This note considers how the heightened scrutiny standard that the Court has used in gender cases under the Fourteenth Amendment will impact the congruence and proportionality test that the Court has applied in a recent series of cases examining congressional power under Section 5 of the Fourteenth Amendment. The purpose of this note is twofold First it closely analyzes Kimel v. Florida Board of Regents, the Court's most recent decision concerning Section 5 and argues that the Court's analysis in Kimel indicates that a statute that involves heightened scrutiny has a much greater possibility of meeting the standards ...


The Death Of The "Death Tax"?: An Introduction, Deborah A. Geier Jan 2000

The Death Of The "Death Tax"?: An Introduction, Deborah A. Geier

Law Faculty Articles and Essays

This article considers the possible repeal of the estate tax. This symposium would not be taking place if the repeal of the estate tax were not a serious political possibility, and it would not likely be a serious political possibility if many middle-class taxpayers earning the median household income of about $40,000 to $50,000 per year did not support outright repeal, rather than much-needed reform.


Cloning: A Jewish Law Perspective With A Comparative Study Of Other Abrahamic Traditions, Stephen J. Werber Jan 2000

Cloning: A Jewish Law Perspective With A Comparative Study Of Other Abrahamic Traditions, Stephen J. Werber

Law Faculty Articles and Essays

This Article does not provide answers to the religious, ethical, and moral issues posed by advanced reproductive techniques in human cloning. Rather, the preceding analysis and discussion seeks to make a contribution, however modest, to the continuation of the societal discussion that will ultimately yield the answers. This Article presents the common concerns of the religious traditions of Judaism, Islam, and Christianity with their mutual emphasis on preserving the dignity of all beings. This and other common values must form the foundation upon which all questions related to the cloning debate must be predicated.


A First Amendment Compass: Navigating The Speech Clause With A Five-Step Analytical Framework, Kevin F. O'Neill Jan 2000

A First Amendment Compass: Navigating The Speech Clause With A Five-Step Analytical Framework, Kevin F. O'Neill

Law Faculty Articles and Essays

This Article is designed to serve as a First Amendment “compass,” explaining the Speech Clause while offering a systematic method for analyzing any claim asserted under it. The need for this Article stems from the fact that First Amendment law is more than ever a labyrinth. For students, lawyers, and judges alike, it is difficult even to identify--much less to distinguish and apply-- the various strands of applicable precedent. This is because the Supreme Court has developed a dense mass of overlapping doctrines: drawing distinctions between content-based1 and content-neutral restrictions; drawing further distinctions between fully-protected and “low-level” categories of expression ...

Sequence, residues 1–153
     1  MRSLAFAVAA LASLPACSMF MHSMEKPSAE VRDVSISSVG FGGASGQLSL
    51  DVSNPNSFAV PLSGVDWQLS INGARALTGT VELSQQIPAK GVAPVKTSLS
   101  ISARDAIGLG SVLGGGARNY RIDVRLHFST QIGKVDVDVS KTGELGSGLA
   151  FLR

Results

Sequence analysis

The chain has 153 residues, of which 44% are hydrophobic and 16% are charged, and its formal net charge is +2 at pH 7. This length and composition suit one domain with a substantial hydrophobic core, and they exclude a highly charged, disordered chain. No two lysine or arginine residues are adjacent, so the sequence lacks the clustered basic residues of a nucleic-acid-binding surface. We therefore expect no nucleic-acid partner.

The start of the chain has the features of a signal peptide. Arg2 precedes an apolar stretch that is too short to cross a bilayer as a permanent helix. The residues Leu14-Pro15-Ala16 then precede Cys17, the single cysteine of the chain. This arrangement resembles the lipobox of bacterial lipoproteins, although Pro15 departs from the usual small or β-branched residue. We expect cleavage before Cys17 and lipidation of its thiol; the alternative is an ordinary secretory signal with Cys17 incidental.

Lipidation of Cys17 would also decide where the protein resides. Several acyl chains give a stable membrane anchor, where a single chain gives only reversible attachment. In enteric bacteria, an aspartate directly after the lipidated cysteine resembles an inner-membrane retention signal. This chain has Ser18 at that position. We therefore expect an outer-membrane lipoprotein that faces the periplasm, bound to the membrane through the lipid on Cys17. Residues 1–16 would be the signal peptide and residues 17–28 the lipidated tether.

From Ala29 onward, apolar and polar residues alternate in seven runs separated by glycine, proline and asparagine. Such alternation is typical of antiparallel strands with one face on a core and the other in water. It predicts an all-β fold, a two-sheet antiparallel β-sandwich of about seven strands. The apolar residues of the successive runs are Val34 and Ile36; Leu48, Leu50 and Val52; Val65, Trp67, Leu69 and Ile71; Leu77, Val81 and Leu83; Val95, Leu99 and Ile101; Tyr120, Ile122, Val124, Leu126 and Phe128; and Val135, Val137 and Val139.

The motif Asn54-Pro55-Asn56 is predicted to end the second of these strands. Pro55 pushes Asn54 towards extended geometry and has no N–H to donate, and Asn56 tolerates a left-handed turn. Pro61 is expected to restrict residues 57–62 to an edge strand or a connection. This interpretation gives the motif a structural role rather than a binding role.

Why A Fundamental Right To A Quality Education Is Not Enough, James G. Wilson Jan 2000

Why A Fundamental Right To A Quality Education Is Not Enough, James G. Wilson

Law Faculty Articles and Essays

This article relies upon the political and economic analysis of such great thinkers as Aristotle and Rousseau to understand and normatively evaluate constitutional caselaw in general and education cases in particular. The article's title contains its conclusion: a judicially created right to a quality education is a laudable, but possibly counterproductive and definitely insufficient condition, for creating a humane constitutional system. The rest of society needs to do far more to protect the average citizen and worker from the ever-ravenous ruling class. All the edification in the world will not mean much if there are only a few decent ...


Extending Copyright And The Constitution: "Have I Stayed Too Long", Michael H. Davis Jan 2000

Extending Copyright And The Constitution: "Have I Stayed Too Long", Michael H. Davis

Law Faculty Articles and Essays

On October 27, 1998, President Clinton signed into law the Sonny Bono Copyright Term Extension Act of 1998, Pub. L. No. 105-298, 112 Stat. 2827 (hereinafter the “Bono Law”). The Bono Law extended the term of copyright protection by an additional twenty years, both prospectively and retrospectively. The former is probably constitutionally proper; the latter is almost certainly forbidden by the Constitution's copyright clause. But most criticism5 has not forcefully distinguished between retrospective as opposed to prospective extension and so far has failed to convince either Congress or the courts of any constitutional infirmity. This is because most critics ...


The Unconstitutionality Of Eliminating Estate And Gift Taxes, James G. Wilson Jan 2000

The Unconstitutionality Of Eliminating Estate And Gift Taxes, James G. Wilson

Law Faculty Articles and Essays

The recent proposal to eliminate estate and gift taxes is not only immoral and a poor allocation of resources, but also is unconstitutional. Irrespective of their ideology, virtually all American lawyers will initially dismiss this accusation as frivolous because it conflicts with their tradition of equating conceptions of "constitutionality" with United States Supreme Court opinions. The Court has long been highly deferential to Congress in federal tax law cases. It is inconceivable that the current Court would find anything "irrational" in a facially neutral law eliminating all estate and gift taxes. Indeed, if I sat on that bench, I would ...


Eleventh Amendment Federalism And State Sovereign Immunity Cases: Direct Effect On Section 1983?, Steven H. Steinglass Jan 2000

Eleventh Amendment Federalism And State Sovereign Immunity Cases: Direct Effect On Section 1983?, Steven H. Steinglass

Law Faculty Articles and Essays